The poet Philip Levine (1928-2015) once said, “I think poetry will save nothing from oblivion, but I keep writing about the ordinary because for me it’s the home of the extraordinary, the only home.” That sentiment perfectly applies to the work of Swedish photographer Lars Tunbjork (1956- 2015).
Tunbjork specialized in photographing the ordinary, the everyday, the mundane. His brilliance lay in his photographing those scenes in ways that made us reconsider them and see them in new, fresh ways.
Here is his take on the modern office:
And his observations on people in a variety of settings:
I recently attended the Society for Photographic Education’s national conference in Baltimore. Joan Fontcuberta was a keynote speaker (articulate, funny, thoughtful- every keynote speaker should be so engaging!) and he said many things that really struck me. He was talking at one point about photographic truth, a topic with which he has been intensively engaged throughout his career. (Go to his website and you’ll see what I mean.)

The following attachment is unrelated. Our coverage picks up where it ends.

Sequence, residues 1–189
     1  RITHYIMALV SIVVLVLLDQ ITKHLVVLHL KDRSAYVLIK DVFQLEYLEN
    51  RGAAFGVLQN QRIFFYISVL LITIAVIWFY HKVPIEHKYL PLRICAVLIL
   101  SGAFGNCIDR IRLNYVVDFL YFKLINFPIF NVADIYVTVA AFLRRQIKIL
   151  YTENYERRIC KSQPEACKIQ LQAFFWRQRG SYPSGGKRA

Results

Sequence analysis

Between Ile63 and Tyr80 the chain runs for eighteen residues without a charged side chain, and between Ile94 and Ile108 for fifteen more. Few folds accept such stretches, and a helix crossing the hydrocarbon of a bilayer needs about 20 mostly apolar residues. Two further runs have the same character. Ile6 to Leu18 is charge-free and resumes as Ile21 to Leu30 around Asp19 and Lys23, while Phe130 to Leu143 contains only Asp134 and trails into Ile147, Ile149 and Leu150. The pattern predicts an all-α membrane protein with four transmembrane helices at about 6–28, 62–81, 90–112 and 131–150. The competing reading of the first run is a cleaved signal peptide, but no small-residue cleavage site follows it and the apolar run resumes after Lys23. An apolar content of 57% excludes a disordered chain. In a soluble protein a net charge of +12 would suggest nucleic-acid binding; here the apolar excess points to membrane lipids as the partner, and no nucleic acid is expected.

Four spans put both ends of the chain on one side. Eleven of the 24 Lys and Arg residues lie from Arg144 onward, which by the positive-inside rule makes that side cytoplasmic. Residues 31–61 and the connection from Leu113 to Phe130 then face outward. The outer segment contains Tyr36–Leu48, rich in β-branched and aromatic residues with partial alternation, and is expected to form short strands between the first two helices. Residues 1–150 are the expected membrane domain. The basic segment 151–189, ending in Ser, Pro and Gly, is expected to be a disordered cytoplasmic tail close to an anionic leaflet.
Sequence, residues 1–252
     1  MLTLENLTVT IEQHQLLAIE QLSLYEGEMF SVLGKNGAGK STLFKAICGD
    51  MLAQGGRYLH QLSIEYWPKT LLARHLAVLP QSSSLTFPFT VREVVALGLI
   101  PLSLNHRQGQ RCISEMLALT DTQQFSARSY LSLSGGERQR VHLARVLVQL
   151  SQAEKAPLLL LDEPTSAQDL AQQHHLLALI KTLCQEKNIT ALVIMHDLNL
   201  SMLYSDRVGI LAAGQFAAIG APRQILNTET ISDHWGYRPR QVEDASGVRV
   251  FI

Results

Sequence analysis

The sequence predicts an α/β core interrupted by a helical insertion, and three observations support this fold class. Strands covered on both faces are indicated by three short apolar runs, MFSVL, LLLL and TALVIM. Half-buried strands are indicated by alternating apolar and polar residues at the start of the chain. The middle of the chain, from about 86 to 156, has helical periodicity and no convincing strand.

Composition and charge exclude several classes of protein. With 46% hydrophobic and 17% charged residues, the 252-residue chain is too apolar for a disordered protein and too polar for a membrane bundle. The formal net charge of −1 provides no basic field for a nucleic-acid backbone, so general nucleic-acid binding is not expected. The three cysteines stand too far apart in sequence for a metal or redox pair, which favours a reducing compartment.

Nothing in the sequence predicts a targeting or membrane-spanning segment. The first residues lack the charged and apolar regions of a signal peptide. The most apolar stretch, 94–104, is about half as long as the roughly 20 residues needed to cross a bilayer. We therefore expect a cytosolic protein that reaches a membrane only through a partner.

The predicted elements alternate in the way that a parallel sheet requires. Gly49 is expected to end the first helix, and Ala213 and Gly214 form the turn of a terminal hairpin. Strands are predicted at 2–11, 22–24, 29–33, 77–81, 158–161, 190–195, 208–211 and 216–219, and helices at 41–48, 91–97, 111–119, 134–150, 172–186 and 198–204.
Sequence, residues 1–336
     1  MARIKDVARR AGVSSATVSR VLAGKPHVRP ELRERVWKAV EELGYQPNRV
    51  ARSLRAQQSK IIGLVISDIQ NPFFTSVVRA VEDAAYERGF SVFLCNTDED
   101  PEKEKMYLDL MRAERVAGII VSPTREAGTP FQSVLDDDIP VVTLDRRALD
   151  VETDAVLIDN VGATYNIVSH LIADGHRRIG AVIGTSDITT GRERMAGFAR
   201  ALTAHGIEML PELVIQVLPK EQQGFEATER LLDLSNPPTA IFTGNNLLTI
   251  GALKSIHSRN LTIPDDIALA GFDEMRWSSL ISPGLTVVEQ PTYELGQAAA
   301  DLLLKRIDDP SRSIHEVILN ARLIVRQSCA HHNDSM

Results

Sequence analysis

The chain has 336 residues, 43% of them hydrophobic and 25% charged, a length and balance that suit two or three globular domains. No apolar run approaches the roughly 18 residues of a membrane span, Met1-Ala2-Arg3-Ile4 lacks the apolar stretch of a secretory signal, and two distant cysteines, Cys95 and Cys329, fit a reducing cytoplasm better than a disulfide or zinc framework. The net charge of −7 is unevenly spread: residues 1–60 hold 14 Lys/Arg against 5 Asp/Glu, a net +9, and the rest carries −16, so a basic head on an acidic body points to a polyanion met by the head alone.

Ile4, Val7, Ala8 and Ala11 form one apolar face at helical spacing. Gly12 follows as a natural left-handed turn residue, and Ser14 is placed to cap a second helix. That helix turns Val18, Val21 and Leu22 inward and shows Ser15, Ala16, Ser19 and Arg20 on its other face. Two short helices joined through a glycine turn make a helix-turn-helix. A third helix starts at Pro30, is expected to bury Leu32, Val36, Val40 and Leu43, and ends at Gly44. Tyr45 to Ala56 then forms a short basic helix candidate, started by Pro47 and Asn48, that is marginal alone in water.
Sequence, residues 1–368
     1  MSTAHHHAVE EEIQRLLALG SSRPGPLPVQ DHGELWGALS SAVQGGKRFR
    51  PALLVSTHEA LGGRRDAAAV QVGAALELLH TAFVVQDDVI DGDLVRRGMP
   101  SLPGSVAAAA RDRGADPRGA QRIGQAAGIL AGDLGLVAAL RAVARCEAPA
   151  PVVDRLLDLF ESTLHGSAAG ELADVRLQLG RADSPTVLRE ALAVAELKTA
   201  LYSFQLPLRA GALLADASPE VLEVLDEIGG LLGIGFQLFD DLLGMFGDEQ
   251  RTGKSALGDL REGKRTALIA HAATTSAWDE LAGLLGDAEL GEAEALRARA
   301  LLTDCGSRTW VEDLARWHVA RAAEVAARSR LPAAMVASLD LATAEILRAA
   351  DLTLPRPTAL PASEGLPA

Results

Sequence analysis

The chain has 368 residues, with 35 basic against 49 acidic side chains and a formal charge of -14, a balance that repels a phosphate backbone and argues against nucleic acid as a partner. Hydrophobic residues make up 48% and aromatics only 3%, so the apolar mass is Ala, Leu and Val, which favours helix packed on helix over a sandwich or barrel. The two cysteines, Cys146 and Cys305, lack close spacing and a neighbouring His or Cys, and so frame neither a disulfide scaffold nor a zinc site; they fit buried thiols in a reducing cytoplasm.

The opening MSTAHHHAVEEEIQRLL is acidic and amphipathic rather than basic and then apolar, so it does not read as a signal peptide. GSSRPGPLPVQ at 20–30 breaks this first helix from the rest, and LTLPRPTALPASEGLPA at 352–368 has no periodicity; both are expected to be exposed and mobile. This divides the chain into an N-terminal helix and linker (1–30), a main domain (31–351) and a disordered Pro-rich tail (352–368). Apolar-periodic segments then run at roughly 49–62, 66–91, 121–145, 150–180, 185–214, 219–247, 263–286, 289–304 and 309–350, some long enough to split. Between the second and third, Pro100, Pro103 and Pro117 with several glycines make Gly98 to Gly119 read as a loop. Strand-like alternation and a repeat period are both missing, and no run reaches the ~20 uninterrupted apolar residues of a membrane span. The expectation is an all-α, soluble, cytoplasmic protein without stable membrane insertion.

He said, “In today’s world, photography is Google.” He went on to explain that, back when photography was born in the 19th century, everyone looked at it as the ultimate arbiter of Truth. If it was photographed, then what was seen in the photograph must be true. It did not take long for photographers to challenge this notion. And today, people treat the internet the same way. We search for information on Google and tend to believe that whatever results we find are true, even though we know that isn’t so.
I found his notion really interesting, and had something to chew on for the rest of the conference.
I’m not completely sure why I keep finding photographs that refer to 15th-to 17th century Dutch and Flemish painting, but they just seem to fall in my lap sometimes. I’ve already posted about the work of Nina Katchadourian and Hendrik Kerstens, and here is another take on the same idea by Eric Klemm:
They are all clever, beautifully done, eye-catching and thought-provoking. They definitely make me want to try my own hand at it!